Rapidly designing silicon

Celoxica has announced the DK1 design suite, software that enables a fundamentally new approach to the design of electronic hardware components.

‘Many of today’s manufacturers invest massive resources in designing custom silicon years before a product is released,’ said Jon Treanor, president & CEO of Celoxica. ‘Market conditions and consumer demand can easily change in that time and negatively impact the return on their investment.’

‘We aim to reduce the time it takes to produce new applications in hardware from years to weeks and days. DK1 will open up the silicon design industry by leveraging widely available software programming skills and targeting off-the-shelf silicon so that the barriers that prevent many companies from design innovation are torn down. We believe this could invigorate the industry by creating a new competitive landscape.’

Treanor continued: ‘Our high-level approach enables application specialists to take concepts directly to silicon. With products that leverage reconfigurable hardware such as Field Programmable Gate Arrays (FPGAs) manufacturers can enter markets months ahead of their competitors and test customer demand in small volumes before committing millions of dollars to high-volume ASIC production. In addition, DK1 enables the transition of market-tested designs into the latter stages of a traditional ASIC design flow. Alternatively, manufacturers may wish to leverage reconfigurable chips to unlock the revenue potential of delivering hardware upgrades and enhancements to products via the Internet.’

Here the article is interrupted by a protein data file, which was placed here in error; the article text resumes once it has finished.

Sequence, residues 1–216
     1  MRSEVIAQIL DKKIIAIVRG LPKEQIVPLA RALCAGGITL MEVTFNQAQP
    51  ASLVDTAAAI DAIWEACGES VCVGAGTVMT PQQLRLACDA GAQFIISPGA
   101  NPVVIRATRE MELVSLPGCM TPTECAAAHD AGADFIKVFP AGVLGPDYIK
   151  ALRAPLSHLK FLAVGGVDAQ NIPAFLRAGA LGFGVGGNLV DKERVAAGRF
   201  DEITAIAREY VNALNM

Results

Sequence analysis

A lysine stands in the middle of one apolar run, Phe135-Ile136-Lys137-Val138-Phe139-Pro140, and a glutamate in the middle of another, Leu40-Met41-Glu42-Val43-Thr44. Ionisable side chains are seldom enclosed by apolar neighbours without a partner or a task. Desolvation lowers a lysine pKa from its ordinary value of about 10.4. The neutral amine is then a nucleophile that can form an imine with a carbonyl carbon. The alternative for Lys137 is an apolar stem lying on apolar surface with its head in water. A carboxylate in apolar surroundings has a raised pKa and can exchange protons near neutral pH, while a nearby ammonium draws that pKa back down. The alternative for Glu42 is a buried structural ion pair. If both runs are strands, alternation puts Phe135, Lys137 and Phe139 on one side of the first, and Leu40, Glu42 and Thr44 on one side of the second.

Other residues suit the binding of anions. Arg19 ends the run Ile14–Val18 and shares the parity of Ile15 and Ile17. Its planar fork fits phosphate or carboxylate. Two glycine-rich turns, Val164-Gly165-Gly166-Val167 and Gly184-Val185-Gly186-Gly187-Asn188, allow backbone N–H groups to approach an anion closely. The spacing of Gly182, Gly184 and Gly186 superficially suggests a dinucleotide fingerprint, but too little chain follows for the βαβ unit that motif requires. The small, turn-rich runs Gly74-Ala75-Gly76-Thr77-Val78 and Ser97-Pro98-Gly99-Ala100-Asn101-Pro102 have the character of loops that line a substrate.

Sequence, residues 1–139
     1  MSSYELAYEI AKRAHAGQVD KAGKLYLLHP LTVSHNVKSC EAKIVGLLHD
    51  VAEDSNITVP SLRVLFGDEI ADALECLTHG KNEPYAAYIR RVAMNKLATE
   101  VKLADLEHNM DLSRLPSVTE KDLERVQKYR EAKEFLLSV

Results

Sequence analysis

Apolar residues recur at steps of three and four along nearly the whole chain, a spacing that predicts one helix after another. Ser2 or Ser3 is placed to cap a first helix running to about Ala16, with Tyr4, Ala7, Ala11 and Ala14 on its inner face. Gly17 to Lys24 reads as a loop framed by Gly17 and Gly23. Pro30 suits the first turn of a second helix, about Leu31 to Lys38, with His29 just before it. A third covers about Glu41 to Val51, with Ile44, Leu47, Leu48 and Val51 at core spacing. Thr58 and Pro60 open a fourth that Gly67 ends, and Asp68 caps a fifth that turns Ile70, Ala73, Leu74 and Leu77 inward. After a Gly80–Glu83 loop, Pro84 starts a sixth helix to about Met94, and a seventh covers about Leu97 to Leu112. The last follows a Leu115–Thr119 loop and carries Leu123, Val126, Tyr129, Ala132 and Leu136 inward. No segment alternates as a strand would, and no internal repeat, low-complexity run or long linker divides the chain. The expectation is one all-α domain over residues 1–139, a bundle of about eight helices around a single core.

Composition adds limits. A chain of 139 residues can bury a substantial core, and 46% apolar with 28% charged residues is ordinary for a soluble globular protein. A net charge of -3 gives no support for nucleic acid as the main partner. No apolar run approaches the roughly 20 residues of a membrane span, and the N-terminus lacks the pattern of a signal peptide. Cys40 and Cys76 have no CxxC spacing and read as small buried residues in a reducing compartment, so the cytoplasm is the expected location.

The DK1 design suite represents a new approach to the rapid development of field-programmable gate array (FPGA) and system-on-chip (SoC) designs. With DK1, engineers use Handel-C, a high-level language based on ANSI C, to write complex algorithms targeted for migration to hardware. Unlike previous approaches, which require translation of C-like language code into intermediate hardware description languages (HDLs), DK1 provides migration from C code to hardware.

As a result, hardware design is no longer limited to HDL experts, but accessible to application specialists, including system architects and software engineers. Within an Integrated Development Environment (IDE) DK1 provides all the design tools – including a compiler, a simulator and a debugger – needed to design, validate, refine and implement designs based on the Handel-C high-level language.

DK1 developers can also take advantage of prototyping boards provided by Celoxica. Intended for testing Handel-C algorithms and code in hardware, the RC1000 series of evaluation boards are design-ready printed-circuit boards pre-loaded with Virtex series FPGAs from Xilinx.

The DK1 design suite runs on IBM PC compatible computers running Microsoft Windows 98, 2000 or NT4.0 and it supports FPGAs from Xilinx and Altera. Pricing for DK1 starts from US$25,000 per year for a 3-year license, not including maintenance. The RC1000 boards are available now and include Virtex series FPGAs from Xilinx.

For its part, Marconi has already signed a 10-seat licensing and partnership agreement with Celoxica Limited to take advantage of the newly released DK1 design suite.

On the web